What Is A Christian Home Equity Loan

A potential Christian borrower should ask, "What is a home equity loan," before endeavoring to choose from the large amount of financing options available on the market today. With so much misinformation, talking to a qualified mortgage professional will help a potential borrower clarify their choices and abilities before signing papers for debt that may or may not be suitable for their current situation. Should every homeowner who needs cash seek a second mortgage? Are there multiple kinds of home refinancing instruments that carry with them pros and cons? These are the types of questions can only be adequately answered by a financial professional who has the borrower's best interest in mind.

Writing the questions down before meeting with a mortgage professional always proves beneficial for remembering all the intricacies and points of confusion that may be bothering the borrower. This will ensure that questions will not be forgotten or overlooked during the meeting. What is a home equity loan? For obvious reasons, that question holds the highest priority when meeting with a financial representative. A mortgage planner will answer, "What is a home equity loan," with not just the definition, but also the options available to his client. "Ask of me, and I shall give thee the heathen for thine inheritance, and the uttermost parts of the earth for thy possession." (Psalm 2:8)

Home equity loans are types financing that use the borrower's equity in their home as collateral for the financing. The lender will allow the borrower to finance the full amount of the accrued equity of their property. This means that the borrower does not have any more accrual left when the second mortgage begins. However, this type of financing proves helpful should a homeowner have unforeseen medical bills or education costs that are over of his ability to pay. The answer to: "What is a home equity loan?" in this case would be a lending instrument that takes accrued principal in exchange for instant cash. There are many more questions to ask of the lender. Another pertinent distinction becomes distinguishing financing from a line of credit. Lines of credit are open ended revolving debt that can not exceed the accrued principal amount of the borrower. The homeowner can get money from the line of credit, like a credit card. They can borrower more than one time, as long as they do not exceed the maximum set by the lender.

The length of the repayment period is usually shorter, when asking, "What is a home equity loan, as apposed to the original mortgage?" Mortgages usually run for 15 years, 20 years or 30 years. However, second mortgages rarely exceed 10 years. Length of repayment should always be considered before accruing new debt. Futures are never set in stone, so shorter repayment times are a little easier to plan for, rather than trying to guess what the income of a borrower will be in 30 years. For this reason, lenders feel more comfortable financing a loan or line of credit with a shorter repayment period.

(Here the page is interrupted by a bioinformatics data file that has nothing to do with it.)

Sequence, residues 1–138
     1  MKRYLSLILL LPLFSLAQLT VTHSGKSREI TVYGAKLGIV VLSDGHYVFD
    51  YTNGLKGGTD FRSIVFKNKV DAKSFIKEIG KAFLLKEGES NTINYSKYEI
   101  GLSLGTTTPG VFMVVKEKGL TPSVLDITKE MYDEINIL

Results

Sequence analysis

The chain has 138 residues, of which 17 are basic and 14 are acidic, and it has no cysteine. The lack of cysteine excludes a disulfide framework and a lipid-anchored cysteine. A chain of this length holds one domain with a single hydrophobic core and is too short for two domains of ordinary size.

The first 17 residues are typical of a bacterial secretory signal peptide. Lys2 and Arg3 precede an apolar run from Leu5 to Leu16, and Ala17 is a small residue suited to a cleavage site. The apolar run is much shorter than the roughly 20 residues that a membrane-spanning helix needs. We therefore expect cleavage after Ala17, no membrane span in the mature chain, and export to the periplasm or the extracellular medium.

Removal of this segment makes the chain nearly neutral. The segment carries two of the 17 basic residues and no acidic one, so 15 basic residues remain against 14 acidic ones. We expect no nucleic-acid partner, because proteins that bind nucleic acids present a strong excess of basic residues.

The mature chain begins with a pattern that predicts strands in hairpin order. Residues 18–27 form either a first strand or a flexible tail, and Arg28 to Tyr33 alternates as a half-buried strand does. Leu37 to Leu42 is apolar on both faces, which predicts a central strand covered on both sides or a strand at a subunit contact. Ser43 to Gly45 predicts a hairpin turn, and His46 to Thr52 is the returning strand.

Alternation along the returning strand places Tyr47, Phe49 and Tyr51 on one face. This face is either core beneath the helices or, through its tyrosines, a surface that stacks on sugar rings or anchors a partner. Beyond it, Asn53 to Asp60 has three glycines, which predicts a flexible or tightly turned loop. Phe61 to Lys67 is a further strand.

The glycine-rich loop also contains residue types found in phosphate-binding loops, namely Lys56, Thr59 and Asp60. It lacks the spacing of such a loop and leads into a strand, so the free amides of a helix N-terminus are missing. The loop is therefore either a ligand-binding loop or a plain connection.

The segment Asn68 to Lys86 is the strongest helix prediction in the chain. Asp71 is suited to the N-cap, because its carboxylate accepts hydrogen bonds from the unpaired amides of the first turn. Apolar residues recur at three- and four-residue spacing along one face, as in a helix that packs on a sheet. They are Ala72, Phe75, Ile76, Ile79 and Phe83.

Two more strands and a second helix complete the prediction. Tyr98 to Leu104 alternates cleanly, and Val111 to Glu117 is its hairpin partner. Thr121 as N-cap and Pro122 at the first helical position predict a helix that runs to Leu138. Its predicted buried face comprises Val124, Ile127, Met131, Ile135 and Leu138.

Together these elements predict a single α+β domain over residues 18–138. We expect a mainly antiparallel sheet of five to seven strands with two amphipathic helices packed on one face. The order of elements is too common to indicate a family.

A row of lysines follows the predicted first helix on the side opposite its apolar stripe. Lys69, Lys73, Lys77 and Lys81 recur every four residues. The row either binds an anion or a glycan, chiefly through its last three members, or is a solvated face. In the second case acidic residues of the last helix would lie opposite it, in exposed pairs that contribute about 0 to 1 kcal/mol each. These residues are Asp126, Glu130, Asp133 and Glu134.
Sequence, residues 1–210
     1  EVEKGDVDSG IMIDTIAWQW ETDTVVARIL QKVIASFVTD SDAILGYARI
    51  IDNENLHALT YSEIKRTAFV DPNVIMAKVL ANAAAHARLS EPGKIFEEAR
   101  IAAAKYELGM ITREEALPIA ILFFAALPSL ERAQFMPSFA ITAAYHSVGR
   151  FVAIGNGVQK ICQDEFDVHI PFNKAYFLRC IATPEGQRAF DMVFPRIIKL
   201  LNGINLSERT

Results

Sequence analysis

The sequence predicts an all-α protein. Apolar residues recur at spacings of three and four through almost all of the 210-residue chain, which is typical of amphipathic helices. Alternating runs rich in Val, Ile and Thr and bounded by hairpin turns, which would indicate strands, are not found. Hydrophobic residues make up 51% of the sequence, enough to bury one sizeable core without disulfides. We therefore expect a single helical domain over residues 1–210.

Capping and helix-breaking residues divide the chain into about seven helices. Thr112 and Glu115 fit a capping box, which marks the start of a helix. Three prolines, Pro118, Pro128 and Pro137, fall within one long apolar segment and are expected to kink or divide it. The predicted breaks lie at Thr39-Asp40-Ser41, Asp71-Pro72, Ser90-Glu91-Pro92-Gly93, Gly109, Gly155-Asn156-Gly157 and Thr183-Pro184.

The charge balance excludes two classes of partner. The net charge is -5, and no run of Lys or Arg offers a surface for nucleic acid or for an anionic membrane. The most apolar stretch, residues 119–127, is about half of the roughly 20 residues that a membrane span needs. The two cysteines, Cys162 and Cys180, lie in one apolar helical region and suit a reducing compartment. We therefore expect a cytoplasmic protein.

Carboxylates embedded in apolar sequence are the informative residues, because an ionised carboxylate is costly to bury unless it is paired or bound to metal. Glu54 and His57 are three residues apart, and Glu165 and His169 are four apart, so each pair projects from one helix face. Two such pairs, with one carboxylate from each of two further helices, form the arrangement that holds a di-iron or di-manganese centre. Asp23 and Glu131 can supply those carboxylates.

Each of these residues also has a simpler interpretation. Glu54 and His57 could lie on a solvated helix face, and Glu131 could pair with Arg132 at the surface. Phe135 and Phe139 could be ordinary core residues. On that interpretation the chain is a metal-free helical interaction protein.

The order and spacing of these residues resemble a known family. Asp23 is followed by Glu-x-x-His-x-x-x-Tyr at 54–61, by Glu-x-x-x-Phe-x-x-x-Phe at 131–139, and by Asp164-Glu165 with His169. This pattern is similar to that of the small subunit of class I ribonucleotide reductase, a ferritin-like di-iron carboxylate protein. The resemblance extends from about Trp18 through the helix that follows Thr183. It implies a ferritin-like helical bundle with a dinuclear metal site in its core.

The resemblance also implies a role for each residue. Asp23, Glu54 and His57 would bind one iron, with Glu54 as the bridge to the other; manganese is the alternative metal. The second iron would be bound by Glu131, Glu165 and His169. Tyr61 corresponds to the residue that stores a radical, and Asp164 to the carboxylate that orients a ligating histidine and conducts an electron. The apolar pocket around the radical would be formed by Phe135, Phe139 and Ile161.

When discussing a second mortgage with a qualified lender may provide more questions than answers. There are closed end and open end home equity loans. Of which is the borrower asking? When asking, "What is a home equity loan?" most borrowers are referring to a closed financing agreement. In a closed end second mortgage, the borrower will get one lump sum of money comparable to the accrued principal that he has earned. The lump sum does not only depend on the amount accrued over the years. The amounts of the financing packages are also dependent on the borrower's credit score, credit history, current income and appraisal value of the home. Why are appraisals necessary when equities, not the home values, are the collateral? By appraising the current market value of the house, the appraiser and the financial representative may deduce that the borrower has even more accrued equity than originally thought. This happens often in cases when the homeowner has been paying mortgage payments on the original loan for over 15 years. The homeowner paid down the principal of the original financing amount, but the house itself has appreciated with the market.

As the borrower ponders that pending debt transaction, the professional lender will further explain, "What is a home equity loan?" by further defining the amortization process. Amortization is just a long word for spreading a big debt over time into tiny payments. The term of a second mortgage can be up to 15 years, though is usually around 10 years or less. If the financing package is not amortized then the lender will owe the whole amount when the 10 years is over. If the borrower does not get specific when seeking the answers to his questions, he might accidentally get into a nonamortized finance package. Doing the research can ward off this mistake, but if the borrower finds himself in a finance package like this, paying monthly as if there were standard payments can ease the financial blow at the end of the loan period.

Unlike a closed end second mortgage, an open end is more like a line of credit or credit card. The borrower can borrow as often and as much as they want as long as it does not exceed the total amount of the appraised value, less any lien currently held on the property. The interest rates are usually variable, unlike the fixed rates of the closed end second mortgages. It would benefit a homeowner to be specific when asking, "What is a home equity loan?" This will lead to only the amount of debt to meet the current financial need.

Christian Home Equity Loan Lender